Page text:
Vectors that spread malaria: introduction to the microbiome-science of mosquitoes
Author(s): KR Padma, KR Don, B Dinesh and D Karthikeyan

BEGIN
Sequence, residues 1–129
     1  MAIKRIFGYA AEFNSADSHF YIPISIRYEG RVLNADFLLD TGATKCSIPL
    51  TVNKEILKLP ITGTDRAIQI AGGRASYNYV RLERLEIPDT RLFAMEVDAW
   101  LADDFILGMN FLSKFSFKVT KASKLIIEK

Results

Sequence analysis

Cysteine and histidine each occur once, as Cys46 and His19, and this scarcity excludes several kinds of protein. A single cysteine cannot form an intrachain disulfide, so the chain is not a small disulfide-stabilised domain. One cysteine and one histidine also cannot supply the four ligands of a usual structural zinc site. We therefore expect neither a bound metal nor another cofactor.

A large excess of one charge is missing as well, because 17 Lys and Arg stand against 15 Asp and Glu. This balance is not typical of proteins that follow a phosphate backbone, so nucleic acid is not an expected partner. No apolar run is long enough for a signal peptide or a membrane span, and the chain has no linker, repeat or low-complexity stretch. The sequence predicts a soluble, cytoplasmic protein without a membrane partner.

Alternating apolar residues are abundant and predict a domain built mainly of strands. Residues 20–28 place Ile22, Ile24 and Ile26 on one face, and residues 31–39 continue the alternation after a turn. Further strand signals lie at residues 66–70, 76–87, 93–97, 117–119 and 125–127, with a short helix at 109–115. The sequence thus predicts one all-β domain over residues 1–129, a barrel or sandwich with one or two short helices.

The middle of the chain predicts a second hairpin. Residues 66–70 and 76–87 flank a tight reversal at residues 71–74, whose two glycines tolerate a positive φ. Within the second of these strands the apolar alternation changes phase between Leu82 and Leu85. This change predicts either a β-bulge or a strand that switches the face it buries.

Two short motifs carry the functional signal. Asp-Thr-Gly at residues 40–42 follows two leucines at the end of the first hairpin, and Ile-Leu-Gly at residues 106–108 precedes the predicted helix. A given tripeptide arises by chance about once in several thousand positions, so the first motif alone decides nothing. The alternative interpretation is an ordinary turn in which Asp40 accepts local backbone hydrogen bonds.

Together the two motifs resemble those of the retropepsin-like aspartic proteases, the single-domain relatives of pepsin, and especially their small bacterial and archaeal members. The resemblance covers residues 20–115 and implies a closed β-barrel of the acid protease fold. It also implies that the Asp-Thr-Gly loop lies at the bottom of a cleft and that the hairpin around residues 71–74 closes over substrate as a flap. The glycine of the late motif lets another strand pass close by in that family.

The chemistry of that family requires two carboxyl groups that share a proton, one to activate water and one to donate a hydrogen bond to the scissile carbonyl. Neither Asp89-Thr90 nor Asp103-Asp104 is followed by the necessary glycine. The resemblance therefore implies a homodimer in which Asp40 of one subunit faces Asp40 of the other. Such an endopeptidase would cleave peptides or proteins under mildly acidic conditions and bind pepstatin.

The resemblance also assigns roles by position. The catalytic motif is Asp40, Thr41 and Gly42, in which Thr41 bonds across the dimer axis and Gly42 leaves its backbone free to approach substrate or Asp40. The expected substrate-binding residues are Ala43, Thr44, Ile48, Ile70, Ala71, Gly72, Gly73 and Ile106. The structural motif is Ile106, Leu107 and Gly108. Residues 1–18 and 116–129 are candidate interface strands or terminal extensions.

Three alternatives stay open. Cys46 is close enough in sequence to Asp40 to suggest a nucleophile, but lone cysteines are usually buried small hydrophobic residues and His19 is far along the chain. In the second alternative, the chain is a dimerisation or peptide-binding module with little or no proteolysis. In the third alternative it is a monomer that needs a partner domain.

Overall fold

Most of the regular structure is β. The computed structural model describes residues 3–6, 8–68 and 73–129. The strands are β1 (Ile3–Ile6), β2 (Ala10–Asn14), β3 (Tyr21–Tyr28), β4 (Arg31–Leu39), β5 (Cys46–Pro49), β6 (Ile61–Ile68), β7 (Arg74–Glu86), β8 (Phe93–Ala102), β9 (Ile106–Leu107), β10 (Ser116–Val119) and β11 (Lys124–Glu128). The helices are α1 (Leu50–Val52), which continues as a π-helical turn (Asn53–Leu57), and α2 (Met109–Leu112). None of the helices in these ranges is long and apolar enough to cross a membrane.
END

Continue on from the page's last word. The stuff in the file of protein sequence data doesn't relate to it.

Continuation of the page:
Abstract: Amongst six main mosquito species, Anopheles minimus responsible for transmitting malaria in India. Anopheles minimus is predominant in India particularly northeastern regions and is most accountable for focal infection outbursts marked by an increase in Plasmodium falciparum diseases, and further deaths that can be directly linked to them. According to genetic analysis, Anopheles minimus (formerly species A) is the most common species occurring in India, involving the north-eastern provinces and the East-central Odisha state, out of the three species that make up the Minimus Complex, which is distributed throughout Asia. It is documented throughout the year and explains perennial transmission as shown by records of sporozoite infections. This species has been observed spawning year-round in slow-moving seepage water streams. It is also primarily endophilic and endophagic. Malaria is still a serious public health concern in many parts of the world, especially in tropical areas. It is a vector-borne infectious disease. The protozoan parasite Plasmodium, which causes malaria, is spread via the bite of female Anopheles mosquitoes carrying the infection. Insecticide-treated nets (ITNs) and indoor residual spraying are the major methods used in the control interventions aimed at mosquito vectors that have shown great success over the past 20 years (IRS). Unfortunately, natural mosquito populations are developing resistance to the conventional pesticides now employed in public health, which is impeding the efficacy of the existing vector management measures over the long run. Therefore, it appears vital to enhance vector control strategies through the creation of novel, environmentally friendly methods in order to reach the objective of eliminating malaria. Our review article provides background for describing the biology, information gaps, and possible public health danger of Anopheles viruses.